White avoids primary clash
GOP leaders push Hasan to not challenge for state Senate seat
December 7, 2007
Steamboat Springs — At the urging of state Republican leadership, Muhammad Ali Hasan of Eagle County will not challenge state Rep. Al White, R-Winter Park, in a primary for state Senate.
The two men looked to be set for a contentious contest on the way to the District 8 seat being vacated by term-limited state Sen. Jack Taylor, R-Steamboat Springs. But in a statement released Thursday morning, Hasan announced he will instead run for House District 56, which includes Lake, Park and most of Eagle counties. Colorado Republican Party Chairman Dick Wadhams said he was among those who encouraged Hasan not to take on a strong, established candidate in White.
“I certainly brought that issue up with Muhammad because I certainly believe (House District 56) is winnable,” Wadhams said. “I think it makes a lot of sense.”
House District 56 recently was vacated by former state Rep. Dan Gibbs, D-Silverthorne, who was appointed to fill the Senate District 16 seat vacated by the resignation of Democratic state Sen. Joan Fitz-Gerald. Fitz-Gerald is running for the U.S. Congress. Democrats have not yet filled Gibbs’s seat in the House.
Hasan is the president and CEO of an Avon-based land development company. At an event in Steamboat Springs last week, he mentioned the possibility of running for House District 56, but said he would only back down from a clash with White if he and state party leadership signed pledges to embrace the issues important to Hasan, which include oil shale drilling.
Hasan met with White’s campaign manager, Matt Johnston, after last week’s event, but White said Thursday that he made no promises to Hasan in exchange for him moving his candidacy to the House.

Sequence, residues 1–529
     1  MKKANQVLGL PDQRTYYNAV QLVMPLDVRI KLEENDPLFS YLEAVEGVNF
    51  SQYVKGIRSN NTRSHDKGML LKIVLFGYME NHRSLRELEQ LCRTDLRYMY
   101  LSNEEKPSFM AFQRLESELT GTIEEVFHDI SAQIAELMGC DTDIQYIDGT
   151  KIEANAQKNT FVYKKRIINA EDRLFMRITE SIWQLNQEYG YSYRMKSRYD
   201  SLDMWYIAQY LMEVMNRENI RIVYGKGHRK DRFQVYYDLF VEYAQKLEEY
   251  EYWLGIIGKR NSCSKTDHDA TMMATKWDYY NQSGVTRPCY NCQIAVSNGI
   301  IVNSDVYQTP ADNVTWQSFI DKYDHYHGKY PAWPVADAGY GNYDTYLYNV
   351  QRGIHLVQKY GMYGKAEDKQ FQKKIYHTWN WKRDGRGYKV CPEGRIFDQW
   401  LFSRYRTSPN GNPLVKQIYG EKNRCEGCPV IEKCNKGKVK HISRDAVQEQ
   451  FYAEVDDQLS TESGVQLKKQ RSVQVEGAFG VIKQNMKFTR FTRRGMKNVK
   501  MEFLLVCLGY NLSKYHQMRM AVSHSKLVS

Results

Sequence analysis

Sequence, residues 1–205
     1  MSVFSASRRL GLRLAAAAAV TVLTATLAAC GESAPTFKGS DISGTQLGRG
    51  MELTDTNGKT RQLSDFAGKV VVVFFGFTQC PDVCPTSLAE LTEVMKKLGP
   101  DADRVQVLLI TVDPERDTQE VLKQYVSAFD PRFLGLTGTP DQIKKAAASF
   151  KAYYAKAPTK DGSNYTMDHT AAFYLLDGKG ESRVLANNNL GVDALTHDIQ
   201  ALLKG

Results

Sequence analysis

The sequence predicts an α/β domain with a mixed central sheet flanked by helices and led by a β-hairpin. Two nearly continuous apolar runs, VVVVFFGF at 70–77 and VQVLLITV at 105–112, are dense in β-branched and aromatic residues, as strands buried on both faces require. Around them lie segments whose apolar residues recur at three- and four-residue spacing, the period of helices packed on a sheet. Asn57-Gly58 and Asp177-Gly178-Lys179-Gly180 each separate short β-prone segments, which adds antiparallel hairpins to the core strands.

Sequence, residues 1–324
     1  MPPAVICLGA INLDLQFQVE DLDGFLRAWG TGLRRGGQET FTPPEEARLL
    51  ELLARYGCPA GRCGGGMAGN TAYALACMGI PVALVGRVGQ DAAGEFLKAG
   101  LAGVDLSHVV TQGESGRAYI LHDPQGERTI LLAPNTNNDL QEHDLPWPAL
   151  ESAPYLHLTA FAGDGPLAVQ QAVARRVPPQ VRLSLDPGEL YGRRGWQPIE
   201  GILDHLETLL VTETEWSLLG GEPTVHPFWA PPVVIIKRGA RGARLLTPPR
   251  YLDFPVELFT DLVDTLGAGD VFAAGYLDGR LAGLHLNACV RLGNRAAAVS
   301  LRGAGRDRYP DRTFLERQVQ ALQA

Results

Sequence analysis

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“I didn’t agree to anything,” said White, who is term-limited in the House. “After eight years in the Legislature, I didn’t feel like I needed to make any pledges to any candidate who was threatening to challenge me.”
Hasan acknowledged Thursday that he did not receive any assurances from White, but said assurances from the Republican delegation in the state House were enough to convince him to switch races. Hasan said the delegation approached him from the beginning and asked what it would take for him to step away from Senate District 8.
“At first, I blew them off and said, ‘nothing,'” Hasan said.
Hasan said he agreed to change his mind when he was assured the party would prioritize Western Slope issues such as severance taxes, bark beetle infestation and education.
“The House Republicans are going to prioritize these issues that are important to Western Colorado,” Hasan said. “I’m very touched, and I’m more than happy to run for House District 56.”
White called the current arrangement a “win-win situation” and said he would probably help Hasan when their campaign paths cross in Eagle County. White has not officially endorsed Hasan, however, and said he is hesitant to do so after the “nasty” criticisms Hasan has leveled against him in recent months.
“I want him to earn my respect,” White said. “I’m not just going to bestow my endorsement on him until he shows me something different than he’s shown me so far. But ultimately, I’ll do what I can to help him win that seat, I believe.”
Without the same assurances from White that he says he got from Republican leadership in the House, Hasan also is withholding his endorsement.
“I’m withholding endorsement from Rep. White as of now,” Hasan said. “I have some concerns about how well he’s representing the Western Slope.”
The race ahead
With the specter of a primary now out of the way, White can focus his efforts on his Democratic challenger, former Steamboat Springs City Councilman Ken Brenner. Despite the Republicans’ – and White’s – success in Northwest Colorado in recent years, Brenner is confident in his ability to win.
“People in Colorado vote for candidates, not parties, and I think I’m the candidate who’s on the right side of the issues for Colorado,” Brenner said Thursday. “If the campaign stays focused on key issues, I’m comfortable in my ability to win.”
Some of the “key issues,” Brenner said, are achieving accessible and affordable health care for Coloradans and using natural resource extraction as a good economic tool, but one that is balanced with protecting air and water quality, wildlife habitat and other environmental concerns.
White said his “eight years worth of proven legislative leadership and accomplishment” give him the edge against Brenner.
“All he’s got to offer are vague promises,” White said.